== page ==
The IRS Installment Agreement
Suppose you receive a notice of unpaid federal income taxes and can't pay the total amount you owe. The Internal Revenue Service (IRS) will let you pay off your tax debt using an installment plan. Paying off your tax debt immediately can save you from paying a late payment penalty or interest. But a payment plan can reduce the financial distress a lump-sum payment can cause.
An installment agreement also stops the IRS from filing a notice of federal tax lien against you. A tax lien is the next step in the IRS collection process when you have not paid your tax bill. The IRS charges a reduced interest rate when you have a payment plan.
The IRS offers four types of installment agreements. They are guaranteed, streamlined, partial payment, and nonstreamlined.
Guaranteed Installment Agreement
To qualify for a guaranteed installment agreement with the IRS, the taxpayer must:
- Owe less than $10,000 (not including interest and penalties)
- Have filed tax returns, paid taxes owed, and not entered into another installment agreement in the previous five years
- Be unable to pay the tax liability when due or within 120 days
- Be able to pay off the tax liability within three years
- Pay at least the minimum monthly payment (tax liability, interest, and penalties divided by 30)
Streamlined Installment Agreement
A taxpayer who qualifies for a guaranteed agreement likely will be eligible for the streamlined installment agreement. This payment plan has the following requirements:
- The tax liability, interest, and penalties do not exceed $50,000
- The balance due can be paid off within 72 months
- The proposed payment is equal to or greater than the minimum acceptable payment
The minimum acceptable payment is the greater of $25 or the amount reached by dividing the tax liability, interest, and penalties by 50.
The taxpayer must pay a fee to set up the installment agreement. The IRS offers a reduced fee for a direct debit installment agreement. The IRS charges a different fee to restructure or reinstate a previous installment agreement.
Partial Payment Installment Agreement
A partial payment agreement allows the taxpayer to pay part of a tax liability. The taxpayer must complete a financial statement using Form 433-F, Collection Information Statement. Taxpayers use this form to report income and living expenses.
The IRS will review and verify the information. If the taxpayer can sell assets to pay some of the tax debt, the IRS will require the taxpayer to provide additional information.
The taxpayer must participate in a financial review every two years if approved. This may result in increased installment payments or the termination of the agreement.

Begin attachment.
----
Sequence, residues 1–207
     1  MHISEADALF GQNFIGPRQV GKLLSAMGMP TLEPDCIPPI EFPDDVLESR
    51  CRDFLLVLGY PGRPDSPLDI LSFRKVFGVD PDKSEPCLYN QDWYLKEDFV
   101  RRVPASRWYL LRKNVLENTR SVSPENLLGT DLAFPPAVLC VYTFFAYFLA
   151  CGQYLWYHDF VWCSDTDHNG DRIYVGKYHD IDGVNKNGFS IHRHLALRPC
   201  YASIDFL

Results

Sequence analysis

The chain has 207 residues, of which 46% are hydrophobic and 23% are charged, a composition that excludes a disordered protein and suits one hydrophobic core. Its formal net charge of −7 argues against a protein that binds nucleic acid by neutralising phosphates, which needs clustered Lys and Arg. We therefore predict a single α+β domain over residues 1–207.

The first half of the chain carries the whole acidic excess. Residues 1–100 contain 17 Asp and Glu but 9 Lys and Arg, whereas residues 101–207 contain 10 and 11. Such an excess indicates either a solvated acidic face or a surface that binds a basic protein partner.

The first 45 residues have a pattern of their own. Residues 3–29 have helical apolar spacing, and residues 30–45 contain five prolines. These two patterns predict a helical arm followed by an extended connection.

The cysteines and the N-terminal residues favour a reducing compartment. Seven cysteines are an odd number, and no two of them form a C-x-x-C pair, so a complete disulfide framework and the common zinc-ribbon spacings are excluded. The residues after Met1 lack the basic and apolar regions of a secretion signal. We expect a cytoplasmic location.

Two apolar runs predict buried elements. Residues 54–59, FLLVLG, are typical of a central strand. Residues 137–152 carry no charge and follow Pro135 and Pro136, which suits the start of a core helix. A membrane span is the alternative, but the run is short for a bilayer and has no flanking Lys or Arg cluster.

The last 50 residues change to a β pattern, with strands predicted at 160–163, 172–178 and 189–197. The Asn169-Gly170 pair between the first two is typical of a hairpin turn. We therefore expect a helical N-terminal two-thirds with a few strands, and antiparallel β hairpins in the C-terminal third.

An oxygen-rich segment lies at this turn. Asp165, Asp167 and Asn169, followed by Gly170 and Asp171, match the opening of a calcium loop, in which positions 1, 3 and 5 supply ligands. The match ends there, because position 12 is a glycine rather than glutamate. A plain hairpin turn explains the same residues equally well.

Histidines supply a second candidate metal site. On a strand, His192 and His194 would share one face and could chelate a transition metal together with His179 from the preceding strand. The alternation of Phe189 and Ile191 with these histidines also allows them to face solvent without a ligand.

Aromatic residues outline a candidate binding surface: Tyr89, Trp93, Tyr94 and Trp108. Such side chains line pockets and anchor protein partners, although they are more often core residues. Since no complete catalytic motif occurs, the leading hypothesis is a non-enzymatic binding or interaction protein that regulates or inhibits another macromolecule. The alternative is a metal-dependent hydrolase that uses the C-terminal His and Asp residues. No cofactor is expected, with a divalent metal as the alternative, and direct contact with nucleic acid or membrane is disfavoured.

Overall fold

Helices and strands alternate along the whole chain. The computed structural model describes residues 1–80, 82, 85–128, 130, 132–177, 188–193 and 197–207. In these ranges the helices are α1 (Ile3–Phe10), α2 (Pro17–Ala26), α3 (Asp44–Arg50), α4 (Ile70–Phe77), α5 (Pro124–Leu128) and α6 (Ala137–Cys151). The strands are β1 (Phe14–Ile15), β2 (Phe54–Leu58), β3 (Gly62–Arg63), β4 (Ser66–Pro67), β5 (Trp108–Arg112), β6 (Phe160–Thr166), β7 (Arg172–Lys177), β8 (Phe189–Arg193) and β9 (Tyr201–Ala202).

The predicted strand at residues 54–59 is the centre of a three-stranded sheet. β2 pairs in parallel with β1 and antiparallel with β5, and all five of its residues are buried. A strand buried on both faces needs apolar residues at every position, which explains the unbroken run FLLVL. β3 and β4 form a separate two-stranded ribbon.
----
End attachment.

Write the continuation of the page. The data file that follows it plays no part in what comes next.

Nonstreamlined Installment Agreement
A nonstreamlined agreement is an option if a taxpayer owes $50,000 or more and can make monthly installment payments to the IRS. The IRS will not automatically approve this agreement. The taxpayer must negotiate with the IRS.
The taxpayer must file Form 433-F and provide information about income, debts, living expenses, assets, and bank accounts. The form also allows the taxpayer to propose an installment payment amount.
The IRS usually takes a few months to review a proposed payment plan. The IRS may refuse a proposed agreement if:
- It considers some of the taxpayer's claimed living expenses unnecessary
- The taxpayer reported false information
- The taxpayer failed to complete a prior installment arrangement
If a taxpayer can't pay a tax liability through a nonstreamlined agreement, consider filing an offer in compromise.
Applying for an Installment Agreement
You can request an installment agreement using the Online Payment Agreement on IRS.gov or by filing a complete Form 9465, Installment Agreement Request. You can also contact the IRS at its 1-800-829-0922 phone number to discuss your payment options.
You must provide your tax identification number and detailed financial information. Your tax identification number is usually your Social Security number. There is also an application fee, which is reduced for low-income taxpayers.
Taxpayers making installment payments have the following IRS payment options:
- Payroll deduction
- Direct debit from a savings or checking account using the IRS's Direct Pay service
- Check or money order
- Electronic Federal Tax Payment System (EFTPS)
- Credit card or debit card
The IRS provides short-term payment plans if you can pay off your tax debt in 180 days or less. Short-term plans resolve your tax debt quickly and don't include set-up fees.
Can the IRS Revoke an Installment Agreement?
The IRS can revoke an installment agreement if a taxpayer does any of the following:
- Fails to make a payment by the due date
- Does not file a tax return or pay taxes after entering into the agreement
- Provides inaccurate information on Form 433-F
- Is paying under a partial payment installment agreement, and a review indicates a change in their financial position
More Questions? An Attorney Can Help
Getting hit with a huge tax bill can be stressful and, if you aren't well-versed in the tax code, often unexpected. If you have questions about the process or which installment plan is right for you, contact a tax attorney in your area.
You Don’t Have To Solve This on Your Own – Get a Lawyer’s Help
Meeting with a lawyer can help you understand your options and how to best protect your rights. Visit our attorney directory to find a lawyer near you who can help.